Federal judge rules Vt. power plant can stay open
BRATTLEBORO, Vt. (Legal Newsline) - A federal judge has ruled that Vermont's only nuclear power plant can remain open past its scheduled March shutdown date.
The owner of the Vermont Yankee plant, New Orleans-based Entergy Corp., filed a lawsuit against the State for its role in deciding whether the plant can operate after its license expires in March.
In Vermont, both houses of the state Legislature and the governor must approve nuclear licenses.
Judge J. Garvan Murtha, for the U.S. District Court for the District of Vermont, filed his 101-page decision and order Thursday.
In it, he said the defendants -- including Gov. Peter Shumlin, Attorney General William Sorrell and members of the Vermont Public Service Board -- are permanently enjoined from enforcing the state's Act 160 by "bringing any enforcement action or taking other action" to compel the plant to shut down after March 21.
Under Act 160, when a nuclear plant petitions for continued operation, if the Legislature declines to act or is unable to pass for any reason affirmative legislation approving a Certificate of Public Good for continued operation, the plant's petition will remain pending and its current certificate will expire.
Murtha said the State also is permanently enjoined from enforcing a provision of state law requiring affirmative legislation to permit storage of spent fuel derived from operations at the plant after the shutdown date.
In addition, the federal judge said the State is permanently enjoined from conditioning the issuance of a Certificate of Public Good for continued operation on the existence of a below-wholesale-market power purchase agreement between Entergy and Vermont utilities, or requiring Vermont Yankee to sell power to Vermont utilities at rates below those available to wholesale customers in other states.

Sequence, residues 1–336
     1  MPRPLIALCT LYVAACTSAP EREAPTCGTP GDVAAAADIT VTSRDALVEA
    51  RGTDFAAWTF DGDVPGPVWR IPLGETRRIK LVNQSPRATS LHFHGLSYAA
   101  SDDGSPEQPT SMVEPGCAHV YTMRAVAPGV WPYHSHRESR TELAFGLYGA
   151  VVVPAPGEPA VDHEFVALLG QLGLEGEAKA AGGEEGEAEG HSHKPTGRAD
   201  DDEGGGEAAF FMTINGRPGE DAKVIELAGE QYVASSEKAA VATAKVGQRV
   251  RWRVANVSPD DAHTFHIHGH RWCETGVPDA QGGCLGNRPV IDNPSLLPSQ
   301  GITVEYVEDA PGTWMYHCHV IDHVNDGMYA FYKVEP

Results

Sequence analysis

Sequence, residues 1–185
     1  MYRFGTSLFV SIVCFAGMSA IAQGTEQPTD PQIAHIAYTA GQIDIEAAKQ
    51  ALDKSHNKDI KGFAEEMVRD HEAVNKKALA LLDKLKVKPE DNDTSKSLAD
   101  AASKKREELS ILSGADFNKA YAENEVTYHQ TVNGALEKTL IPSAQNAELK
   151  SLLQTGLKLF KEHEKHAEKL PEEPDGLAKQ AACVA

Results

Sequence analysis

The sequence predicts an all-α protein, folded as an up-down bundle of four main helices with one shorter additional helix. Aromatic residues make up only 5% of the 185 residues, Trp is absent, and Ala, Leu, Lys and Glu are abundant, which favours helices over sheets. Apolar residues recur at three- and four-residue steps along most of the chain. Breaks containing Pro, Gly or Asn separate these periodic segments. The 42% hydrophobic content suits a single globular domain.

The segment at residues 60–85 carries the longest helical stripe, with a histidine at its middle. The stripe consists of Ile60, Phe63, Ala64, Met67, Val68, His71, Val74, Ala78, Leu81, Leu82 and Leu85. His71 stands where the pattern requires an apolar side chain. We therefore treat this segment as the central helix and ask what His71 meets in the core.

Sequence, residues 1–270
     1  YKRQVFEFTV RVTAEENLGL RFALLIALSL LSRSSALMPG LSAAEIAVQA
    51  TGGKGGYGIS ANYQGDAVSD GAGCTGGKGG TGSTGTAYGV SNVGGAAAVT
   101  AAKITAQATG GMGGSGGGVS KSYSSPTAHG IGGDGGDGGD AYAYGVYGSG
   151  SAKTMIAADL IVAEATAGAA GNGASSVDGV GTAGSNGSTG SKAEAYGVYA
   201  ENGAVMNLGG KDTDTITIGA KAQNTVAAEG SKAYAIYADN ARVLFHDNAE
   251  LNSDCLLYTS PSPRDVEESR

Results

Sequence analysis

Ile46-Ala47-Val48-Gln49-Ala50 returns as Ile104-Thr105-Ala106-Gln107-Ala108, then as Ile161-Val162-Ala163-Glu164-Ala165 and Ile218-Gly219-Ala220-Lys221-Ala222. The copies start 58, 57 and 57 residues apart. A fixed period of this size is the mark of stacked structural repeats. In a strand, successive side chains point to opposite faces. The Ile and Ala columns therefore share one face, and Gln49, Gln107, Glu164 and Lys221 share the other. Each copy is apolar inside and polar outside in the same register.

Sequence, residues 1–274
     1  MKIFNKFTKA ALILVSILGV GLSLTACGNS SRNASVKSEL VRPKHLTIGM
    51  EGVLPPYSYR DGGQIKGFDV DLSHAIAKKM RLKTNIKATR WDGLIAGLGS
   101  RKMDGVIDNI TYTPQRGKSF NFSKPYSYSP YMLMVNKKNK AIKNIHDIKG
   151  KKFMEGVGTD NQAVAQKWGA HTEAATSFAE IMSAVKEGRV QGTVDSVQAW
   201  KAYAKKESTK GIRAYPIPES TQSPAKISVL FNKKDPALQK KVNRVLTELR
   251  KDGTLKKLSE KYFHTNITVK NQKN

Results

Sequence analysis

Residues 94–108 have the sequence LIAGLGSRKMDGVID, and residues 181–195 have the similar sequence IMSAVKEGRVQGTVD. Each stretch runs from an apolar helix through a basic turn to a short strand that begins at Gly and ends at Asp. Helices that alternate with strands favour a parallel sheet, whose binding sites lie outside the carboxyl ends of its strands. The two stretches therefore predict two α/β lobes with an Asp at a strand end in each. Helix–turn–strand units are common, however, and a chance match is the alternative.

"This Court's decision is based solely upon the relevant admissible facts and the governing law in this case, and it does not purport to resolve or pass judgment on the debate regarding the advantages or disadvantages of nuclear power generation, or its location in this state. Nor does it purport to define or restrict the State's ability to decline to renew a certificate of public good on any ground not preempted or not violative of federal law, to dictate how a state should choose to allocate its power among the branches of its government, or pass judgment on its choices," Murtha wrote.
"The Court has avoided addressing questions of state law and the scope of a state's regulatory authority that are unnecessary to the resolution of the federal claims presented here."
In a statement following Murtha's ruling Thursday, Entergy said it was "pleased" with the decision.
"The ruling is good news for our 600 employees, the environment and New England residents and industries that depend on clean, affordable, reliable power provided by Vermont Yankee," it said.
Shumlin, however, was not so happy with the federal court's ruling.
"Entergy has not been a trustworthy partner with the state of Vermont," the governor said in a statement Thursday.
"Vermont Yankee needed legislative approval 40 years ago. The plant received approval to operate until March 2012. I continue to believe that it is in Vermont's best interest to retire the plant."
Shumlin said he will wait for the attorney general to review the decision before commenting further on whether the State would appeal.
From Legal Newsline: Reach Jessica Karmasek by email at firstname.lastname@example.org.